Attracting Beneficial Insects with Native Flowering Plants (E2973)
Conservation of natural enemies of insects (predators and parasitoids) and pollinators (bees) around the farm or garden can help suppress pests and increase crop yields. Many beneficial insects rely on plants for nectar and pollen or shelter.
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Conservation of natural enemies of insects (predators and parasitoids) and pollinators (bees) around the farm or garden can help suppress pests and increase crop yields. Many beneficial insects rely on plants for nectar and pollen or shelter. Plants commonly recommended to provide these resources are non-native annuals such as: buckwheat, sweet alyssum, faba bean, dill, and coriander. In a recent Michigan State University study, we wanted to learn whether native Midwestern perennial plants could provide similar resources.
We selected 46 native Michigan plants on the basis of their bloom periods and ability to survive in agricultural habitats. All of the species selected historically grew in prairie or oak savanna habitats. Once common in Michigan, prairies and oak savannas are now rare, as are many of the plants and animals that formerly utilized these habitats. By returning these plants to Michigan landscapes, we may be able to increase both pollination and pest control in agricultural crops while enhancing our native biodiversity.
Native species were established as rooted plug or 1-quart potted plants in the fall of 2003 and compared to the non-native annuals, which were planted as seed the following spring. During the 2004 and 2005 growing seasons, we determined dates of peak bloom for each species and collected insects at flowers during peak bloom. We then identified predator, parasitoid and pollinator insects collected at each plant species.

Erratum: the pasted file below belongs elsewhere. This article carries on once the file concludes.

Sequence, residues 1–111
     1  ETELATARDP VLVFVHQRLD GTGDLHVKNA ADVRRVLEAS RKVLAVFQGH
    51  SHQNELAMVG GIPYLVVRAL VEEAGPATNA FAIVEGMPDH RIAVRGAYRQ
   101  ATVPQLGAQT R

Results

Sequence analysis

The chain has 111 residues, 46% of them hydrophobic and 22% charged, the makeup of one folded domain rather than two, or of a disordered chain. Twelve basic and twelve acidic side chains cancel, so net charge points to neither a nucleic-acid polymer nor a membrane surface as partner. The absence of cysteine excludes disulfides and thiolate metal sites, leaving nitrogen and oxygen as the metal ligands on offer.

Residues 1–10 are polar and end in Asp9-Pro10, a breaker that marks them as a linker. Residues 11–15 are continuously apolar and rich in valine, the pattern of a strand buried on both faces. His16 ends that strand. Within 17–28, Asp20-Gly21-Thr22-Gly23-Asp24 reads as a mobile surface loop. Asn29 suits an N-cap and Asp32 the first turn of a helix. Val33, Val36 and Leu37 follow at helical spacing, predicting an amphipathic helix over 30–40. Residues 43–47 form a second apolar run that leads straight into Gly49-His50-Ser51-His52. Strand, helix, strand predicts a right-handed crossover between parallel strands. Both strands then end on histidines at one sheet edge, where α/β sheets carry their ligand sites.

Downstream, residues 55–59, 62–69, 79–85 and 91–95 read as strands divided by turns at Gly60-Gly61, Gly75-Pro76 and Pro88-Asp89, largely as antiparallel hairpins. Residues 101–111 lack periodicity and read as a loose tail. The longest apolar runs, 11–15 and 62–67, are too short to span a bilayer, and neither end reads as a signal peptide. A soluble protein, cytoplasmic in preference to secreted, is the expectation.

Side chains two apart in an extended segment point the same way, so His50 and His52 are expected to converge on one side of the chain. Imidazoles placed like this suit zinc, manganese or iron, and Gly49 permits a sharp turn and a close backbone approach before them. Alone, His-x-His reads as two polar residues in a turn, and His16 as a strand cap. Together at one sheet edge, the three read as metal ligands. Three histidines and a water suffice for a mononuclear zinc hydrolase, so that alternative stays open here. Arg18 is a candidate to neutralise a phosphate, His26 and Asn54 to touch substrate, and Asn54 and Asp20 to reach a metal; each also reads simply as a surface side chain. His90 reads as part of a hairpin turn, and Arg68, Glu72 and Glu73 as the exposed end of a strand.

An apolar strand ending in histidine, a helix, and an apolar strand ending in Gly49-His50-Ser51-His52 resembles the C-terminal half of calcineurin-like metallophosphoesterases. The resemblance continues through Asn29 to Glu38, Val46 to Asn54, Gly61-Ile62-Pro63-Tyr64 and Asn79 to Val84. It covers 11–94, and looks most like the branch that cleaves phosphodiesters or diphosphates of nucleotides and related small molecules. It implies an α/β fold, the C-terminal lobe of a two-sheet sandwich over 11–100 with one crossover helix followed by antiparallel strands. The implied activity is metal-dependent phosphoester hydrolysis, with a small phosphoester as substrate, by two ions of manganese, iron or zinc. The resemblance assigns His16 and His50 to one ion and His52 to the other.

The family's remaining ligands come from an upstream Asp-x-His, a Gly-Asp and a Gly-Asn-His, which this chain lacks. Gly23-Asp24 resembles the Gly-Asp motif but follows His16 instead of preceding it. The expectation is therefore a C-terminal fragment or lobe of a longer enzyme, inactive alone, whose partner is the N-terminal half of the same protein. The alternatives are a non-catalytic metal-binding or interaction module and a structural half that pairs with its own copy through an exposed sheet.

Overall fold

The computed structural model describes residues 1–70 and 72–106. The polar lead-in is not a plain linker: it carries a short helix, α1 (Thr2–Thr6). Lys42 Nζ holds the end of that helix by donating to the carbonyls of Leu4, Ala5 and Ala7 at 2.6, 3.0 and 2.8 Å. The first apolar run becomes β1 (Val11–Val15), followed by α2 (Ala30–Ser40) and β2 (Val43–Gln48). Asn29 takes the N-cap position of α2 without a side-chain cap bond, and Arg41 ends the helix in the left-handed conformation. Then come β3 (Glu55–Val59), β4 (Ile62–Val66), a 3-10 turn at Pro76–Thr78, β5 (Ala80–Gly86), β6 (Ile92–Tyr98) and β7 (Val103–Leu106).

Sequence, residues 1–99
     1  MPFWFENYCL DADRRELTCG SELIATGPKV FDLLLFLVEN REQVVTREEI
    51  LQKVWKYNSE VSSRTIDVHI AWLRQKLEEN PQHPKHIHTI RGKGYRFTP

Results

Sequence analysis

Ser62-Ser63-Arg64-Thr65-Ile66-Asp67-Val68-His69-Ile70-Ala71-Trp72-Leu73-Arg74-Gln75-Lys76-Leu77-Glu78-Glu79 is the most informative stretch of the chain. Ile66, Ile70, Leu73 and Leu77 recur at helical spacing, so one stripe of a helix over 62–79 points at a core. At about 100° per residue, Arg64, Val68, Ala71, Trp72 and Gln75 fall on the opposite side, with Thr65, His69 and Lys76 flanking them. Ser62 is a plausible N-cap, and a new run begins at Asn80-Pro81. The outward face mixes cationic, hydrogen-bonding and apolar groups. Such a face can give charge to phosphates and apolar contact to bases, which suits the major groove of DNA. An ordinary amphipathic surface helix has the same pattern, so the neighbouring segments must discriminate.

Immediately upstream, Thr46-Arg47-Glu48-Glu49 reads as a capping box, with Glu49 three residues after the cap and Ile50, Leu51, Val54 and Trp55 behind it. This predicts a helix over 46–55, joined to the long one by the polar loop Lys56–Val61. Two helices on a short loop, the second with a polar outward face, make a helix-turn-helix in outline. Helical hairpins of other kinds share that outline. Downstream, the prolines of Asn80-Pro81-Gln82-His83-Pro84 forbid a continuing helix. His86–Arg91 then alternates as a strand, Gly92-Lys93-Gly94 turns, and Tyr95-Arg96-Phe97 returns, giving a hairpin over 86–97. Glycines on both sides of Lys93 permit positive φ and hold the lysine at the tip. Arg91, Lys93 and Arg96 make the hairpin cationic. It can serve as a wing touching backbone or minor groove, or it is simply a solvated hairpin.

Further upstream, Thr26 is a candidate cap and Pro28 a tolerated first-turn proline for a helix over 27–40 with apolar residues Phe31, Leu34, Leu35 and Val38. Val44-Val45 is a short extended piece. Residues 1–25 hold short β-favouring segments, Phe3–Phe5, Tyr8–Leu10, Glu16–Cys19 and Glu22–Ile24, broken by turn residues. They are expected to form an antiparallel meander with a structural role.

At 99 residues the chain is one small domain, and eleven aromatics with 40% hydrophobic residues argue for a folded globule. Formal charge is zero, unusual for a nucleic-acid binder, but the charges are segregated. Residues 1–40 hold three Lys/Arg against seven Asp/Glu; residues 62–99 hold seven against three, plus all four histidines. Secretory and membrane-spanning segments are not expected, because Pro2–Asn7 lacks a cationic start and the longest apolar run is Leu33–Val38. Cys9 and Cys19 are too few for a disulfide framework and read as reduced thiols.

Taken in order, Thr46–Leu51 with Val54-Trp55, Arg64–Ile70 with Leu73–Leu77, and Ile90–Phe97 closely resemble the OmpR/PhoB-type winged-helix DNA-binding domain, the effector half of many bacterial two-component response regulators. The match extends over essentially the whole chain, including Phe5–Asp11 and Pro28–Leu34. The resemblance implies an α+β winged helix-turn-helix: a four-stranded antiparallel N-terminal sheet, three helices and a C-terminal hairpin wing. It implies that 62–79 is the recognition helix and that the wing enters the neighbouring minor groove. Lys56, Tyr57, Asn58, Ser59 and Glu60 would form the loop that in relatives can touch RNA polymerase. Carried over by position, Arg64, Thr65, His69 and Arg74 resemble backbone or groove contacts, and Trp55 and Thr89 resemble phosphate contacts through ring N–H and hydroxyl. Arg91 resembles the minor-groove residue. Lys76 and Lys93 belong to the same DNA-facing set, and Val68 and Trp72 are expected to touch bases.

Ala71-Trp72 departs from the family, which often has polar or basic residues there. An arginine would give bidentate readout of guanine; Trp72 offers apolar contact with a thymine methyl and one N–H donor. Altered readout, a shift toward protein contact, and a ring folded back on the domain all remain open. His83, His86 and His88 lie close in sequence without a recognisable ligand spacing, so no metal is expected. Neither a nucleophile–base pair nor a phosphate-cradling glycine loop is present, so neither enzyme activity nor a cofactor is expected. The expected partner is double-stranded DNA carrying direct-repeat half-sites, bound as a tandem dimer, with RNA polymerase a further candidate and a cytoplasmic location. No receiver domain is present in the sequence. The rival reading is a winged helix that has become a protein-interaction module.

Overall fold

Our goal was to identify a group of native plants that can provide flowers throughout the growing season and are highly attractive to beneficial insects.
Establishing native plants
Local sources of native seed and potted plant material are available for Michigan and many other areas. Where possible, use local genotypes — i.e., plant material originally collected in your area and best adapted for your conditions.
Determine where you would like to establish native plants. If it is a large area (greater than 500 square feet), consider using seed to establish plants, which will flower in 3 to 5 years. If a smaller area, rooted seedlings sold in plugs or pots will flower in 1 to 2 years and will allow you to choose the position of each plant.
Consult a local native plant producer for seed mixes or plants most appropriate for your light, soil type, and moisture conditions, as well as for proper plant spacing.
Site preparation to minimize weeds is crucial to project success. Depending on the history of your site, plan on 3 months to 2 years for proper preparation. Professional plant and seeding installation services are available. If you are seeding an area yourself, you can hand broadcast seed with good results. Seed drills require a good deal of time and seed to calibrate correctly, so they are most effectively used on areas larger than an acre.
Please note: The information presented in this bulletin should be considered a guideline to be adapted for your local conditions. MSU makes no warranty about the use of the information presented here.